ICD-10 Diagnosis Code Q79.8

Other congenital malformations of musculoskeletal system

Diagnosis Code Q79.8

ICD-10: Q79.8
Short Description: Other congenital malformations of musculoskeletal system
Long Description: Other congenital malformations of musculoskeletal system
This is the 2017 version of the ICD-10-CM diagnosis code Q79.8

Code Classification
  • Congenital malformations, deformations and chromosomal abnormalities
    • Congenital malformations and deformations of the musculoskeletal system (Q65-Q79)
      • Congenital malformations of musculoskeletal system, NEC (Q79)

Information for Medical Professionals

Diagnostic Related Groups
The diagnosis code Q79.8 is grouped in the following Diagnostic Related Group(s) (MS-DRG v33.0)


Convert to ICD-9 Additional informationCallout TooltipGeneral Equivalence Map
The ICD-10 and ICD-9 GEMs are used to facilitate linking between the diagnosis codes in ICD-9-CM and the new ICD-10-CM code set. The GEMs are the raw material from which providers, health information vendors and payers can derive specific applied mappings to meet their needs.

Present on Admission (POA) Additional informationCallout TooltipPresent on Admission
The Present on Admission (POA) indicator is used for diagnosis codes included in claims involving inpatient admissions to general acute care hospitals. POA indicators must be reported to CMS on each claim to facilitate the grouping of diagnoses codes into the proper Diagnostic Related Groups (DRG). CMS publishes a listing of specific diagnosis codes that are exempt from the POA reporting requirement.

The code Q79.8 is exempt from POA reporting.

  • Aberrant forearm flexor muscle
  • Aberrant muscle of the upper limb
  • Accessory ossification center
  • Accessory skeletal muscle
  • Alopecia, onychodysplasia, hypohidrosis, deafness ectodermal dysplasia
  • Amyoplasia congenita disruptive sequence
  • Amyotrophia congenita
  • Aplasia of muscle
  • Congenital abnormal fusion of carpal bone
  • Congenital absence of abdominal muscle
  • Congenital absence of muscle AND/OR tendon
  • Congenital absence of pectoral muscle
  • Congenital absence of quadriceps muscle
  • Congenital absence of skeletal bone
  • Congenital absence of skeletal muscle
  • Congenital absence of tendon
  • Congenital anomaly of body cavity
  • Congenital anomaly of cartilage
  • Congenital anomaly of hyoid bone
  • Congenital contracture of gastrocnemius muscle
  • Congenital hyperplasia of muscle
  • Congenital hypoplasia of hyoid bone
  • Congenital muscular hypertrophy-cerebral syndrome
  • Congenital short Achilles tendon
  • Congenital short quadriceps
  • Congenital shortening of tendon
  • Constricting band of extremity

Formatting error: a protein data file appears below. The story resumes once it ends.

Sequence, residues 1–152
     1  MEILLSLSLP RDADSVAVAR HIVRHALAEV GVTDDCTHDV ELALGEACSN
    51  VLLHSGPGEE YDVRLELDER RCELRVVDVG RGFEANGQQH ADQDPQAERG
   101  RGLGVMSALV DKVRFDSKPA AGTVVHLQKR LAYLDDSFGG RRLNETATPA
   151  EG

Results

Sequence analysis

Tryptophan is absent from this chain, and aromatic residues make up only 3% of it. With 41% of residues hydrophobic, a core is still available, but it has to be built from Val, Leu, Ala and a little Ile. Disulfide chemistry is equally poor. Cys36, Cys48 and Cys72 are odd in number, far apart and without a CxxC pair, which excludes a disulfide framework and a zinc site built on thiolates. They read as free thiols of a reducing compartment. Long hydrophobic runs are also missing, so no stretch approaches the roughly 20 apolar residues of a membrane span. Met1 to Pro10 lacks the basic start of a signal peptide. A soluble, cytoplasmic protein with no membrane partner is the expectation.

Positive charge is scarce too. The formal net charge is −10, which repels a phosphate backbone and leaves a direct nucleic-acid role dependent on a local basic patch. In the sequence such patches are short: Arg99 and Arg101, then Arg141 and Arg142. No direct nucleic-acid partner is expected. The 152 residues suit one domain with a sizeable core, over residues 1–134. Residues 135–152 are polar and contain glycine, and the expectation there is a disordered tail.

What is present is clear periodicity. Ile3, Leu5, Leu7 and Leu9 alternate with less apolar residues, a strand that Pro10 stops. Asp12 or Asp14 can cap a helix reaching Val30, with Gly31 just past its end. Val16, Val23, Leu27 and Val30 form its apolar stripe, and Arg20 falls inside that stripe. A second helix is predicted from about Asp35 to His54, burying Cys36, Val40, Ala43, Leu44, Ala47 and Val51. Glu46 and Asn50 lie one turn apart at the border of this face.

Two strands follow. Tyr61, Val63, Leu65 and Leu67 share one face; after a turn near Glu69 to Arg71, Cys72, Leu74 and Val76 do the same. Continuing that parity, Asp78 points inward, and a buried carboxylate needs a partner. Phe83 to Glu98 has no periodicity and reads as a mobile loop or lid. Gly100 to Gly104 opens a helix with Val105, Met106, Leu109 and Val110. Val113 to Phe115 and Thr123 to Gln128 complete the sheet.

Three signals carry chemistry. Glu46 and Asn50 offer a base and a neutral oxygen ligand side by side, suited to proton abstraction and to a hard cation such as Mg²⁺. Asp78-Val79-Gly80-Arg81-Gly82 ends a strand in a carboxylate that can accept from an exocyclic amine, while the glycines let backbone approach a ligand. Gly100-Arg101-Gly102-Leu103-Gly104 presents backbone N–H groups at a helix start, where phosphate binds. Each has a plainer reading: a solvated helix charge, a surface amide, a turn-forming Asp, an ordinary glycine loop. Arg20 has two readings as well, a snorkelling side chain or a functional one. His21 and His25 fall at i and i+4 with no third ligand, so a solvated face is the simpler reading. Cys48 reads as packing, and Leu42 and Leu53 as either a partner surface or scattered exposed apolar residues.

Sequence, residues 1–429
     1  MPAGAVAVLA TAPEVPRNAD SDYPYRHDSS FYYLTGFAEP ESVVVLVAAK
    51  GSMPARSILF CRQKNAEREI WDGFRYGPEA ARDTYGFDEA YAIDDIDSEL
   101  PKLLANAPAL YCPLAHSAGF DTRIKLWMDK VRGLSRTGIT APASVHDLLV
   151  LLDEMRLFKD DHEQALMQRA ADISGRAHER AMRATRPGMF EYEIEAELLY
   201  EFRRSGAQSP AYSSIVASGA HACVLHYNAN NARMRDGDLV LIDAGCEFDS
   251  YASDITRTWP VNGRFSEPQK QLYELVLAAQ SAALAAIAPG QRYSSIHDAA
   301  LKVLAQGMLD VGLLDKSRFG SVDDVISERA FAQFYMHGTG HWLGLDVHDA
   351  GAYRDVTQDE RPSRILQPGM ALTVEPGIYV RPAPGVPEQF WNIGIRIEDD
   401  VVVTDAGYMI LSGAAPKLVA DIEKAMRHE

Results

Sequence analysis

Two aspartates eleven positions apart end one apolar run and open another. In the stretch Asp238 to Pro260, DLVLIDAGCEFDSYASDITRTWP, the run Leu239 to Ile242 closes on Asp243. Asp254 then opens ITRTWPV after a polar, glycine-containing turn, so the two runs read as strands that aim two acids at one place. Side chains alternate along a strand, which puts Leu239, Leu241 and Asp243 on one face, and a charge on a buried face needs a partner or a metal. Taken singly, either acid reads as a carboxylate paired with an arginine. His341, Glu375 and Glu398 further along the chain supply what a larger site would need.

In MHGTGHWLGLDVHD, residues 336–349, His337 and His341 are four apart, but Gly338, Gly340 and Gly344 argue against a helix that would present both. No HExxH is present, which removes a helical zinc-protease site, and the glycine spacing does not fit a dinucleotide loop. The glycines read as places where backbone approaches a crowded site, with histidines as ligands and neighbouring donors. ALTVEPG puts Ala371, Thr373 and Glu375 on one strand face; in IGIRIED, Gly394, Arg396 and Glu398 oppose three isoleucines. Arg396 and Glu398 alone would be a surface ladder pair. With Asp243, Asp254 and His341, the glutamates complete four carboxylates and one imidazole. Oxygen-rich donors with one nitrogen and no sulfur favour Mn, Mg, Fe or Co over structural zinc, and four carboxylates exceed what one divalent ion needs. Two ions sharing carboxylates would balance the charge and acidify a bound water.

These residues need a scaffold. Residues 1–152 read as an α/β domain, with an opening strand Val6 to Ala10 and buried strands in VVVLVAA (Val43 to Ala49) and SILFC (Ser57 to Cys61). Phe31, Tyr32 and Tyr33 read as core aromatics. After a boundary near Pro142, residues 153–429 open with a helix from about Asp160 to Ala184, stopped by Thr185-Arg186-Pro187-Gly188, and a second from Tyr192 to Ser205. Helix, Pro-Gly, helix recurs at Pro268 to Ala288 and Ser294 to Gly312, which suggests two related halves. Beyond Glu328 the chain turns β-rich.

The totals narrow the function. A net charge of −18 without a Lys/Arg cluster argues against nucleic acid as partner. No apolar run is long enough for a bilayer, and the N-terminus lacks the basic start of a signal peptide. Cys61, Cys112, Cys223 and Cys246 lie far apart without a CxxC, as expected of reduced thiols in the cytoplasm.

• Deformity due to amniotic band
  • Disorder of hyoid bone
  • Disorder: ectopic bone tissue, congenital
  • Geroderma osteodysplastica
  • Hypoplasia of muscle
  • Incomplete congenital absence of thigh AND leg
  • Incomplete ossification of hyoid bone
  • Microcephalic osteodysplastic dysplasia
  • Myostatin related hypertrophy of muscle
  • Osteoplastic dysplasia
  • Poland anomaly
  • Premature aging syndrome
  • Short Achilles tendon
  • Short stature-characteristic facies-mental retardation-macrodontia-skeletal anomalies syndrome
  • Soft tissue lesion of lower leg and ankle
  • Thoracoceloschisis

Index of Diseases and Injuries
References found for the code Q79.8 in the Index of Diseases and Injuries:

Information for Patients

Birth Defects

A birth defect is a problem that happens while a baby is developing in the mother's body. Most birth defects happen during the first 3 months of pregnancy. One out of every 33 babies in the United States is born with a birth defect.

A birth defect may affect how the body looks, works or both. Some birth defects like cleft lip or neural tube defects are structural problems that can be easy to see. To find others, like heart defects, doctors use special tests. Birth defects can vary from mild to severe. Some result from exposures to medicines or chemicals. For example, alcohol abuse can cause fetal alcohol syndrome. Infections during pregnancy can also result in birth defects. For most birth defects, the cause is unknown.

Some birth defects can be prevented. Taking folic acid can help prevent some birth defects. Talk to your doctor about any medicines you take. Some medicines can cause serious birth defects.

Babies with birth defects may need surgery or other medical treatments. Today, doctors can diagnose many birth defects in the womb. This enables them to treat or even correct some problems before the baby is born.

Centers for Disease Control and Prevention

  • Intersex

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